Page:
Who Swiped The Surplus?

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SUSAN WALSH/AP

THE BUCK STOPS WHERE Bush says it is now Congress's job to show fiscal restraint

It seems like only a few months ago that the federal budget surplus was unfurling like a vast, star-spangled security blanket, a cushion of cash that stretched farther than the eye could see. Wait. It was only a few months ago. In April the White House projected a surplus of $281 billion for this fiscal year and $3.4 trillion for the next 10 years--enough to fund Bush's tax cuts and Congress's spending programs, missile defense and school reform, private Social Security investment accounts and a prescription-drug benefit for seniors, with a ton of money left over to pay down the national debt.

Too good to be true? You bet. Last week the White House conceded that $123 billion of this year's surplus had somehow evaporated. The $158 billion left over is almost entirely made up of Social Security tax receipts--which Bush and congressional leaders have vowed not to touch. And this week the Congressional Budget Office is expected to release even more pessimistic figures, showing the government will tap those funds before the year ends. Cue up the attack ads--the ones in which each side accuses the other of endangering the retirement security of elderly Americans.

Who killed the surplus? Not I, said the President. When George W. Bush gave his big budget speech last week--arguing that his tax cut was jump-starting the economy and that big-spending Democrats were squandering the surplus--he delivered it in Harry S Truman's hometown of Independence, Mo. At Harry S Truman High School. Under a portrait of Harry S Truman. The not-so-subliminal message: like Truman, the first President to push for health coverage for seniors, Bush would give 'em hell on behalf of older Americans.

Who killed the surplus? Don't look at us, said the Democrats, who were quick to blame Bush and cue up a few Truman visuals of their own. They rushed out a TV ad that aired in Washington, D.C., Missouri and Texas and featured Harry S at the desk with his famed THE BUCK STOPS HERE SIGN ON IT. "George W. Bush is in Harry Truman's hometown explaining his budget, and he's got a lot of explaining to do," the ad retorted. "Because the Bush budget violates one of Harry Truman's basic principles--protecting our seniors."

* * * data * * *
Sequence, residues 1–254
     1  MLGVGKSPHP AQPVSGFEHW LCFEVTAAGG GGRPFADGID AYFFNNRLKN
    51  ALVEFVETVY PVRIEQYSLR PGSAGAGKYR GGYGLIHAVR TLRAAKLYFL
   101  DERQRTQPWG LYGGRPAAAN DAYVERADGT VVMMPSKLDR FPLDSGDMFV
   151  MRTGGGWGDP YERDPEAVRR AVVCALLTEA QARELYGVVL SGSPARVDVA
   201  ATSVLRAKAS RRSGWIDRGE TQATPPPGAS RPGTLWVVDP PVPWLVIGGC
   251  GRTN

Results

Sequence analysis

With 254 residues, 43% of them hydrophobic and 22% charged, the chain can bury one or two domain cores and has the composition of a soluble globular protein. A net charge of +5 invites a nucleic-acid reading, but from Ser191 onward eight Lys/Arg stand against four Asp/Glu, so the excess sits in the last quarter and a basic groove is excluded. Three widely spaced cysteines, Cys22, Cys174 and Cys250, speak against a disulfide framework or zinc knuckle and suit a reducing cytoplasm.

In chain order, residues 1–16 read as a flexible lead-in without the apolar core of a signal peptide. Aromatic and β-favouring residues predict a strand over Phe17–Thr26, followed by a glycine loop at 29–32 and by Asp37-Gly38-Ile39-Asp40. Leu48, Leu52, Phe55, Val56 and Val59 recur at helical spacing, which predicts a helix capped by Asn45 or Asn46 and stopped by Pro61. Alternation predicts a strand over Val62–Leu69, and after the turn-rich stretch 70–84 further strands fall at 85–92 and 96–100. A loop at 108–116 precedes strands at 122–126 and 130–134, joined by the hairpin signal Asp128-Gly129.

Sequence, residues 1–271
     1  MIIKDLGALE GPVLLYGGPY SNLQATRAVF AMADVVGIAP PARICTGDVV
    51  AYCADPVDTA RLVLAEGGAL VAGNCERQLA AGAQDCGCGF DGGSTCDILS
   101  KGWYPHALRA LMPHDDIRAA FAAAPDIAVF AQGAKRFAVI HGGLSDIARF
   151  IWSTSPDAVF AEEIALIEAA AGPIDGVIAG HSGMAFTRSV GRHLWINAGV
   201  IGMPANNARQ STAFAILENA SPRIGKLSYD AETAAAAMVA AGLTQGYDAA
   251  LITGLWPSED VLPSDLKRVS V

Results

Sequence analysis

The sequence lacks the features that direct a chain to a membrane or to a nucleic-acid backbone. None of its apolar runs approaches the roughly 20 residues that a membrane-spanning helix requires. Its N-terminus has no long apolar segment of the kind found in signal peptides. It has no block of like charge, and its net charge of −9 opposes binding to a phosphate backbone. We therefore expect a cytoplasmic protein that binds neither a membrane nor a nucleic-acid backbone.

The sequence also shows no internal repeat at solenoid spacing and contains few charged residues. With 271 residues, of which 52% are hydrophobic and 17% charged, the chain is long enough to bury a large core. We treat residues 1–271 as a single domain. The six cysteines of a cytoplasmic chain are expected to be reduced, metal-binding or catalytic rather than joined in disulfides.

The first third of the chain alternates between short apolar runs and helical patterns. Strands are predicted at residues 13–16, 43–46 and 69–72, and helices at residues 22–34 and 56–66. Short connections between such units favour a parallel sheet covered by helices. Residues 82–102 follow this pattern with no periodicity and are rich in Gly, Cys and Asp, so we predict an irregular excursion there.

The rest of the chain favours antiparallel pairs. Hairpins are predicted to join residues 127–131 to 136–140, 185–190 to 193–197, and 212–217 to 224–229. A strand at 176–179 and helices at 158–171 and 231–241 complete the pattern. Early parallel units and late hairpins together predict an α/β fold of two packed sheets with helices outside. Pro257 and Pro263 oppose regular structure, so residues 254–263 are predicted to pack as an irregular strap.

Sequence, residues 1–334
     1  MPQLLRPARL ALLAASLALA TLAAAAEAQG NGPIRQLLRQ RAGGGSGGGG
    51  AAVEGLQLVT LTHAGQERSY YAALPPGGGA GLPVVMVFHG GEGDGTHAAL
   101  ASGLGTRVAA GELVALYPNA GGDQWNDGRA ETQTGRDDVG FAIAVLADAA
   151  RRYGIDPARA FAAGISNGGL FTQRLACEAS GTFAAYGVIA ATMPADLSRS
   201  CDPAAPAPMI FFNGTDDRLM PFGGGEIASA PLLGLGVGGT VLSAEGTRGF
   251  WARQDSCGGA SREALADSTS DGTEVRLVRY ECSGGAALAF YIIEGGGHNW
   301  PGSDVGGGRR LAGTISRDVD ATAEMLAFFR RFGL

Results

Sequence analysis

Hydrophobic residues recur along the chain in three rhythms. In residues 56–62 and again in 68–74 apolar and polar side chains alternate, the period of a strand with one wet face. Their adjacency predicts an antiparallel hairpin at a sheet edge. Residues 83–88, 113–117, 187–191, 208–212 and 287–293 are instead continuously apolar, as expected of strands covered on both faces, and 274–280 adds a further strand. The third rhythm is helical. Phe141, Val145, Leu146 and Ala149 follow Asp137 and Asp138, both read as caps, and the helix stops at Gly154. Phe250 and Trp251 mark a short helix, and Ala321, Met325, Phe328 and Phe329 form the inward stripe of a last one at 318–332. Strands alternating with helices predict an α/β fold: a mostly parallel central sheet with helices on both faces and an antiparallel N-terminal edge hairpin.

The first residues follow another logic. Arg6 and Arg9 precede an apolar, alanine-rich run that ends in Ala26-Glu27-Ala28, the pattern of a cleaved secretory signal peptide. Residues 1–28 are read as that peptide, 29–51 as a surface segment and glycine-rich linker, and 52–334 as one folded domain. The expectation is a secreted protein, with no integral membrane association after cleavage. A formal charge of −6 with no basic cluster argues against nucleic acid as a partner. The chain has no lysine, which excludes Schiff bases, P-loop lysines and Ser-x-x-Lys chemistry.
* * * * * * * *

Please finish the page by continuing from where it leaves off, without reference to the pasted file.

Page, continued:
With that familiar scare tactic being trotted out yet again (no, the shrinking surplus doesn't imperil current Social Security recipients), it's tempting to turn off the whole sorry show and head back to the beach. But the dwindling surplus will have a real impact on ordinary Americans. To avoid cutting into the Social Security trust fund, Congress may have to slash farm subsidies, tax credits for the working poor and other social programs. A lack of surplus dollars to pay down the national debt helps keep mortgage and credit-card rates higher than they should be. And all those great-sounding programs Bush and Al Gore argued about last year--giving a drug benefit to seniors, letting people invest Social Security money in the stock market--just got pushed further into the future.

On the most basic level, the surplus matters because anyone who has ever tried to run a household or a small business understands the core issue: being disciplined enough to keep spending in line with income. "I run a business on a budget," says Jay Fox, 42, executive director of the Arkansas State Golf Association. "If our surplus was disappearing, it would be of concern to me."

Bush aides insist the surplus shrank mainly because of the slowing economy--a weakness the Office of Management and Budget, in a report last week, was careful to trace to the stock-market slide that started in March 2000. (Translation: Bill Clinton did it.) In truth, the lack of $46 billion of the missing $123 billion is attributable to lower general tax revenues because of the slowdown. "It's remarkable we have a surplus at all, given the yearlong slowdown," argues OMB director Mitch Daniels. The rest of the shortfall can be traced to Bush's military pay raise, the tax rebate and corporate-tax receipts that Bush delayed to make next year's figures rosier.

The Administration insists there is help on the way--those tax-rebate checks. "This was a perfectly timed tax cut," says Larry Lindsey, director of the President's National Economic Council, that "stopped a very precipitous fall." As the rebate stimulates consumer spending, he argues, it will increase the government's tax haul. The upshot: the surplus should come roaring back.

In the meantime, Bush says, Congress must exercise restraint on the 13 major spending bills being considered before the new fiscal year starts on Oct. 1. "Don't overspend," Bush cautioned Congress during a press conference near his Texas ranch last Friday. "One of my jobs as President is to make sure we keep fiscal sanity in the budget." But Democrats argue that it was Bush who started the insanity--with the same tax cut he is hailing as a cure-all. "He claimed we could afford his massive tax cut, a major defense buildup, more money for education, while paying down the debt and protecting Social Security and Medicare," Senate Budget Committee chairman Kent Conrad said last week. "He was wrong."

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